The Presidential Daily Brief

important

  1. white house storm clouds shutterstock 562939351

    Whistleblower Complaint Swirls Washington Deeper Into Turmoil

    The explosive whistleblower complaint was released Thursday, alleging that President Donald Trump misused his role in office for personal gain and that White House officials tried to cover that up by restricting access to the written record of the phone call. The complaint identified Attorney General William P. Barr and Trump’s personal attorney, Rudolph W. Giuliani, as central figures in the president’s plan to solicit his Ukrainian counterpart to launch an investigation into Trump’s Democratic rival, Joe Biden, ahead of the 2020 U.S. elections.  

    How are officials reacting? So far, it has further polarized Republicans and Democrats, with the President himself claiming to be the victim of ”the greatest scam in the history of American politics.”  

  2. netanyahu shutterstock 661083991

    Netanyahu Tapped to Form Israel’s New Government

    After last week’s deadlocked election, President Reuven Rivlin has formally asked Prime Minister Benjamin Netanyahu to cobble together a ruling coalition within six weeks. But that will be difficult: Chief rival Benny Gantz has already refused to join a Netanyahu-led government, citing the corruption charges that Israel’s longest-serving leader is currently facing.

    What if Bibi fails? That could send Israel into an unprecedented third election within a year and severely damage trust among voters, experts say.

    Read OZY’s Special Briefing on Israel’s newest political influencers.

  3. boris johnson shutterstock 1406010848

    Boris Johnson Dares UK Lawmakers Amid ‘Toxic’ Debate

    Returning to Parliament yesterday, the British prime minister urged lawmakers to either hold a no-confidence vote or call a new general election. But he was also chided for his inflammatory language after suggesting that failure to support his agenda amounts to surrender or betrayal. The chamber erupted into a debate that Speaker John Bercow described as “worse than any I’ve known.”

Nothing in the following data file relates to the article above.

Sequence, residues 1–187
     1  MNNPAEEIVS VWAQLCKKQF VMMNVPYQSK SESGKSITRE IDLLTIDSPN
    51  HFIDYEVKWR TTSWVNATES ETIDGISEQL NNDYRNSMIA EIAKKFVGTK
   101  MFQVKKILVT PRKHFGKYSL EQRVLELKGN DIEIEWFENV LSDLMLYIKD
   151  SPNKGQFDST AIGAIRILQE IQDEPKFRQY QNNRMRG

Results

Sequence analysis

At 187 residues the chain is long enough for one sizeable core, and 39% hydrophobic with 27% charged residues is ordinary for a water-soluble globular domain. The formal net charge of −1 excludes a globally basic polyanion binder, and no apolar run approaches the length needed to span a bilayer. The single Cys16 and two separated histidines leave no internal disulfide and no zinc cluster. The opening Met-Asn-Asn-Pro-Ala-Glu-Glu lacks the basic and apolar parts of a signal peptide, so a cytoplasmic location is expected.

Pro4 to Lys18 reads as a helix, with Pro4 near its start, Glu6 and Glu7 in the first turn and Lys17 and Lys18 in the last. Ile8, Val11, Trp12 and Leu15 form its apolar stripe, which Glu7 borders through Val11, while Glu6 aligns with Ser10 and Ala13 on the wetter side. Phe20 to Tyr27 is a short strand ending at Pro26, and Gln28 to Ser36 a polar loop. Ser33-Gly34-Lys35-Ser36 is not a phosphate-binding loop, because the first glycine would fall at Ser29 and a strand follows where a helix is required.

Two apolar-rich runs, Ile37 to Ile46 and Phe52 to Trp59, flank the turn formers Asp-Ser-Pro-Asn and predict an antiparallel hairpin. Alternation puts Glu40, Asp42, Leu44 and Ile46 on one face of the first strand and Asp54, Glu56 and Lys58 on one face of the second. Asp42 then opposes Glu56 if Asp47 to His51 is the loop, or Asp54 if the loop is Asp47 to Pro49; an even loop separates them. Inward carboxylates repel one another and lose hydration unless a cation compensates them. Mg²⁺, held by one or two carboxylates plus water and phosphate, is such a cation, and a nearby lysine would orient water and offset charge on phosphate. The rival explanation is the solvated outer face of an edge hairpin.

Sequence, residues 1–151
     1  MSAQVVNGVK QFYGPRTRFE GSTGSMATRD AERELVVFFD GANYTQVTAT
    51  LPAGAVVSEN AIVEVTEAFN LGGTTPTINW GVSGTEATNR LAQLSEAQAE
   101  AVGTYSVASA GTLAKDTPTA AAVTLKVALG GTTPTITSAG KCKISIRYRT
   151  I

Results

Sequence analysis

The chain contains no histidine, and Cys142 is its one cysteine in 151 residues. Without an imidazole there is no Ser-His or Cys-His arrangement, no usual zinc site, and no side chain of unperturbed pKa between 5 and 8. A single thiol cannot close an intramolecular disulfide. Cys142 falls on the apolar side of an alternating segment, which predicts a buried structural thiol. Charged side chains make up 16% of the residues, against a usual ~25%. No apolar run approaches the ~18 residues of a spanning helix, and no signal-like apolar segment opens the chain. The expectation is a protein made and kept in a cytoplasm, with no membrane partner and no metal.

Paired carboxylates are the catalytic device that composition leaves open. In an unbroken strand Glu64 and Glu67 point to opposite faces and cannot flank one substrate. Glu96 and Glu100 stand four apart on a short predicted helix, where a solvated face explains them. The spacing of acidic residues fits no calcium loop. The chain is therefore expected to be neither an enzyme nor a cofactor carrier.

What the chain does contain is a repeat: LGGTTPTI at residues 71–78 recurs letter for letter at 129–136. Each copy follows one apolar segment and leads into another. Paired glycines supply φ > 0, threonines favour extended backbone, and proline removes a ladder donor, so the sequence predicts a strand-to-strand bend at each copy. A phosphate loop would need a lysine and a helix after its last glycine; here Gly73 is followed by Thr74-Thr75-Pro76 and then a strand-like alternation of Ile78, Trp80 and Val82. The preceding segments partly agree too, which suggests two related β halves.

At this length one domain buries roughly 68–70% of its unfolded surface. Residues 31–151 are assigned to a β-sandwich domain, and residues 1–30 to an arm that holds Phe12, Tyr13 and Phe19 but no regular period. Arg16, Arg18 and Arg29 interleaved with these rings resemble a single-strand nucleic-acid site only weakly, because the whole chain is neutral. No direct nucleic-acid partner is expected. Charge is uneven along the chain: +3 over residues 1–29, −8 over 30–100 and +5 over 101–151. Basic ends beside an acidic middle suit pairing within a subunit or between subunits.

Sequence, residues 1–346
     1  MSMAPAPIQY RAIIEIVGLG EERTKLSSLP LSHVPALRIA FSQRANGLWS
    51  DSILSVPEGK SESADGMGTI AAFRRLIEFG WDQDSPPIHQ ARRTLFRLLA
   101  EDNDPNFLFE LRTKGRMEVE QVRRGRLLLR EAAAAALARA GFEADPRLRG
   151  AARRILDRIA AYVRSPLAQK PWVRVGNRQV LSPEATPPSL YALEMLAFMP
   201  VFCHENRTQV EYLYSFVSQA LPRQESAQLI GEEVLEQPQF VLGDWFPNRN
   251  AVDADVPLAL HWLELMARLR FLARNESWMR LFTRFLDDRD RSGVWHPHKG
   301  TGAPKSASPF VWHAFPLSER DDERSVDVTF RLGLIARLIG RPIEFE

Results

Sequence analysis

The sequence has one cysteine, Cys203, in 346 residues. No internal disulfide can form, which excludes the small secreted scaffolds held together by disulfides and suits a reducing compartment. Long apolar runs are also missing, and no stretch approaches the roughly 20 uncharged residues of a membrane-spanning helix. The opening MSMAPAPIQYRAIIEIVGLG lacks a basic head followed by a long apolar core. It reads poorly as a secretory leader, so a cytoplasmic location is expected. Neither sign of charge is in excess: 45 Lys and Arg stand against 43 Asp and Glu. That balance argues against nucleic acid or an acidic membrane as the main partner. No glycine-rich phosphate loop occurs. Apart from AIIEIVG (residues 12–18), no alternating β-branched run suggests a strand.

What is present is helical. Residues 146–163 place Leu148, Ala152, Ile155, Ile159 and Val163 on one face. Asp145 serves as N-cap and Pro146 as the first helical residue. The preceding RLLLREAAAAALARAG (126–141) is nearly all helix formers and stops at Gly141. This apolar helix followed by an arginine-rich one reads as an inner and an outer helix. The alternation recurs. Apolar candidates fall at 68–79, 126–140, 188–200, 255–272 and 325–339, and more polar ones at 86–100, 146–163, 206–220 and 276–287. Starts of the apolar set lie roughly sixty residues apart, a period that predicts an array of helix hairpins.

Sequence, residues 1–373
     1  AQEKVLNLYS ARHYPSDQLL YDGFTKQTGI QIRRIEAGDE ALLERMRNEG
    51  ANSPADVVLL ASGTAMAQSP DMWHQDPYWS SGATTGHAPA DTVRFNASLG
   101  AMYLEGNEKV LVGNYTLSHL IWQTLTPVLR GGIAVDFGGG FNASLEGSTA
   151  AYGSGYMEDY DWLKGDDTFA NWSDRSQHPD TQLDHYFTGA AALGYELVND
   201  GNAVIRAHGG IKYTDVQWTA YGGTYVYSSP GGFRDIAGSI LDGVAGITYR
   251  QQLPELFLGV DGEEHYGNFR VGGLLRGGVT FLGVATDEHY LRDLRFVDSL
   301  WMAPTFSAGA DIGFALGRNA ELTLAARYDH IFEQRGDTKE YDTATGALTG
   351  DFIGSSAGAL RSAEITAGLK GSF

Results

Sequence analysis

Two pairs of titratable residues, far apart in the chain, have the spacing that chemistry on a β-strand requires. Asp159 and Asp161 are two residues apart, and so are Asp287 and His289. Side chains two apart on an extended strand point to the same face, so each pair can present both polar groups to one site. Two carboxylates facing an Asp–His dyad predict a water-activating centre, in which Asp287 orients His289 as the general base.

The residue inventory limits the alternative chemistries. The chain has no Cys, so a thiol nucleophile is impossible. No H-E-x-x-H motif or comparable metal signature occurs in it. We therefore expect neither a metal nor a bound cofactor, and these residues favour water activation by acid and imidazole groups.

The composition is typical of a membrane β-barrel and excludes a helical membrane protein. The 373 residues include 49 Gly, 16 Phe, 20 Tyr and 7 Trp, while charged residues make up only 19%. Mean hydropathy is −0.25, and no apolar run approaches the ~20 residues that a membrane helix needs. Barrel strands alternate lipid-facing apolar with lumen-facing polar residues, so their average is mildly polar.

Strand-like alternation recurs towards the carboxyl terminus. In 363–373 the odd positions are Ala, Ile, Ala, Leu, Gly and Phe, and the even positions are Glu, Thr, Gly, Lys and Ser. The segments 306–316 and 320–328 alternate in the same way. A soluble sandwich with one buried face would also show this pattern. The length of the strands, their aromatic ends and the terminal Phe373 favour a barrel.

What would happen without Johnson? Even if he’s toppled, a replacement government would have only weeks to hammer out a Brexit extension with the European Union — assuming, of course, it can sort out who’s in charge.

  4. vaping shutterstock 1094808989

    Juul CEO Quits as Vaping Concerns Grow

    Amid state and federal scrutiny over hundreds of vaping-related illnesses, Kevin Burns abruptly announced yesterday that he’d resign from the embattled e-cigarette company. Juul, which helped make vaping a popular alternative to tobacco cigarettes, also said it would pull the plug on U.S. advertising and wouldn’t fight a proposed federal ban on flavored e-cigarettes. Meanwhile, talks of a merger between tobacco giants Altria, which owns a 35 percent stake in Juul, and Philip Morris were called off.

    What’s next? Some suggest that playing ball with the Trump administration could help Juul thwart a broader ban on all its products.

  5. Also Important…

    French ex-President Jacques Chirac has died at the age of 86. Saudi Crown Prince Mohammed bin Salman has reportedly told PBS that he’s responsible for last year’s murder of dissident journalist Jamal Khashoggi, since “it happened under my watch.” And actor Samuel L. Jackson has agreed to provide his voice to Amazon’s Alexa virtual assistant.

    #OZYfact: About 40 percent of America’s food — responsible for greenhouse gas emissions equivalent to 37 million cars — is wasted. Read more on OZY.

    OZY is hiring! We’re looking for an analytical and globally minded reporter to sniff out today’s most important stories in science, technology and health. Check out our jobs page and read the description here.